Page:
Questions and Answers

Participant 1: Do you enjoy the switching around between individual contributor and team lead?

Mogelashvili: Yes, in short. What I really enjoy is what connects to the feedback basically. When you're a team leader, you don't get instant feedback. You always have to wait until that hits you back some time. When you switch to the individual contributor, the code you write, you write and run it in an hour or so in production: instant feedback, instant gratification. That part I liked. I also like the part that I can do things on my own. At the same time, I've never loved the idea of leading people. Now I'm a lead developer, it means that I'm not only writing code, but I also provide technical leadership. I don't have direct reports, but still, I do work with people. I still coach them, mentor them. For me, people side is always important, at least for me. It doesn't have to be management side, it can be different.

Participant 1: Do you see yourself doing that for the rest of your career?

Mogelashvili: Yes. I don't see why not. I enjoy working with people. It doesn't matter if I technically lead them, or manage them, or lead from the personal side of things. For me, yes, I don't mind switching back.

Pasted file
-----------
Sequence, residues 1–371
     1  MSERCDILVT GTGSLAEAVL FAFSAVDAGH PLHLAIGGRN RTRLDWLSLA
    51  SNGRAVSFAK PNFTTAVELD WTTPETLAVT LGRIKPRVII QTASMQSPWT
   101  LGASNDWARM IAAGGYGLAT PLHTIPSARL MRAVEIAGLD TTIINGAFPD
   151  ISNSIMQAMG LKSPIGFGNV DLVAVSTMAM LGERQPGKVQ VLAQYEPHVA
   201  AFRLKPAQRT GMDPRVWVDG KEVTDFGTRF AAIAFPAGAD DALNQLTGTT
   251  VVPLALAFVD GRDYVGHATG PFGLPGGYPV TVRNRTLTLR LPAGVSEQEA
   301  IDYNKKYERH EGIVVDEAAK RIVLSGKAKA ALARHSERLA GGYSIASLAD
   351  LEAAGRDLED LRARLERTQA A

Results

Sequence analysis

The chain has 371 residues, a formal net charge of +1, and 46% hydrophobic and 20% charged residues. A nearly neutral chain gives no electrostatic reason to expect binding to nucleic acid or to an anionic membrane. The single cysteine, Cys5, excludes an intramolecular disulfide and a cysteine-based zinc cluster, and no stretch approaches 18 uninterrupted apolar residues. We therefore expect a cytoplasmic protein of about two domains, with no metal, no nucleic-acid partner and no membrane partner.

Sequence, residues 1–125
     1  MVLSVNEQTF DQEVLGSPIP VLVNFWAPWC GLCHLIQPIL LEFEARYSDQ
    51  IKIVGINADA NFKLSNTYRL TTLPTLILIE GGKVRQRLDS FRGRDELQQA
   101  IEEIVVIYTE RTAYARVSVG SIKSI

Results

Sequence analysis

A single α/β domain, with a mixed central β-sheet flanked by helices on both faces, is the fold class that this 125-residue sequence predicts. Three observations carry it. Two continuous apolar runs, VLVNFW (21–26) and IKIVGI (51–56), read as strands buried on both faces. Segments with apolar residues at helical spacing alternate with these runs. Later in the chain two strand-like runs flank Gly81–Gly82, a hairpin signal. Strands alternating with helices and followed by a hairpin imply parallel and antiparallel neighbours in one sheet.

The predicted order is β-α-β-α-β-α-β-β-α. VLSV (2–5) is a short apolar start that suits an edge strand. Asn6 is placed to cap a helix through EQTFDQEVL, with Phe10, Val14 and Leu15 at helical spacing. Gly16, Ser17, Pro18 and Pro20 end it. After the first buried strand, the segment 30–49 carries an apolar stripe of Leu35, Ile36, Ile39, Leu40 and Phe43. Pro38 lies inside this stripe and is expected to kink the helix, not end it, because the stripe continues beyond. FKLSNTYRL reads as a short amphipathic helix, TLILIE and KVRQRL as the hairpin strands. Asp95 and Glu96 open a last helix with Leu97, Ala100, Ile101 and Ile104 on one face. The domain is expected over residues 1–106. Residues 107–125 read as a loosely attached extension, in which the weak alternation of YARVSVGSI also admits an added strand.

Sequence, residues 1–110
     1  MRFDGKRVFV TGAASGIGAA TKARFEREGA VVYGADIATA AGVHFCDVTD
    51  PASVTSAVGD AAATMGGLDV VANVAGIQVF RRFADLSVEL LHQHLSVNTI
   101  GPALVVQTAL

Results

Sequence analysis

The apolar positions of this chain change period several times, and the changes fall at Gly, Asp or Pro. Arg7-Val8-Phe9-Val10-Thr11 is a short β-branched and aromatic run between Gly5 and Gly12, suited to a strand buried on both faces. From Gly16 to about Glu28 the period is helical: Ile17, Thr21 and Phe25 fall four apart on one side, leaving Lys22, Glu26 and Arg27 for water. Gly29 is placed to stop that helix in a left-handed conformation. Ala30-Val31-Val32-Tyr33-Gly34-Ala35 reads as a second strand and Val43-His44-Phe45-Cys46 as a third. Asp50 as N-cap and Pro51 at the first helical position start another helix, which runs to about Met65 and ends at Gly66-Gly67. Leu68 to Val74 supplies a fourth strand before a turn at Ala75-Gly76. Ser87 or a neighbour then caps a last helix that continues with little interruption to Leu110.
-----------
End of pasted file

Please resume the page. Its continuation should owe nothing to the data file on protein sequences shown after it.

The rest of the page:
Participant 2: Since you obviously have this leadership potential, you are able to switch back and forth. What do you think about the idea for you to stay as a lead, and then keep growing other people to be more like you versus you go back in their shoes and be an individual contributor? In the long term, do you think that it might be more valuable for the organization for you to stay as a lead, manager lead role, and keep growing everybody else?

Mogelashvili: I think that it doesn't matter what your title is, what matters is basically who you are personally. When I switched backed to IC, I still kept working with people, I provide mentorship, provide feedback to them. I didn't have this management burden. I didn't have direct reports to do performance evaluations and all those things. However, I didn't stop working with people. That's what I am basically. It's all about being a role model. You don't have to have certain title to be a role model. You can be manager, but nobody listens to you. You're just a manager. Or you could be a leader without a title. It doesn't matter which title I do have, just trying to work with people and lead them and show them examples.

Participant 3: It seems your positions are aligned with what your company and your teams need?

Mogelashvili: Yes.


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Recorded at:

Apr 23, 2020